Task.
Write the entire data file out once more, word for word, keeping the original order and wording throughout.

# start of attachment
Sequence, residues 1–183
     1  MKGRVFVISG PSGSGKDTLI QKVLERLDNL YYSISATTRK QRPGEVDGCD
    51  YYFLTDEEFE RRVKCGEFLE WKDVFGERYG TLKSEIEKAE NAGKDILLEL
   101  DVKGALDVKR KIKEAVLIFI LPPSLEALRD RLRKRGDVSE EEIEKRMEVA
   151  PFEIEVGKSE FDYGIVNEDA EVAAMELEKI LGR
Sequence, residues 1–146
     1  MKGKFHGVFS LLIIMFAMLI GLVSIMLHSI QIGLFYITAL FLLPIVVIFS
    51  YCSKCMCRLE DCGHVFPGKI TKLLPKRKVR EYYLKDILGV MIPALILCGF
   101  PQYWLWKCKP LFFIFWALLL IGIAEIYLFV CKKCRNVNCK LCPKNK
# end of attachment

Sequence, residues 1–183
     1  MKGRVFVISG PSGSGKDTLI QKVLERLDNL YYSISATTRK QRPGEVDGCD
    51  YYFLTDEEFE RRVKCGEFLE WKDVFGERYG TLKSEIEKAE NAGKDILLEL
   101  DVKGALDVKR KIKEAVLIFI LPPSLEALRD RLRKRGDVSE EEIEKRMEVA
   151  PFEIEVGKSE FDYGIVNEDA EVAAMELEKI LGR
Sequence, residues 1–146
     1  MKGKFHGVFS LLIIMFAMLI GLVSIMLHSI QIGLFYITAL FLLPIVVIFS
    51  YCSKCMCRLE DCGHVFPGKI TKLLPKRKVR EYYLKDILGV MIPALILCGF
   101  PQYWLWKCKP LFFIFWALLL IGIAEIYLFV CKKCRNVNCK LCPKNK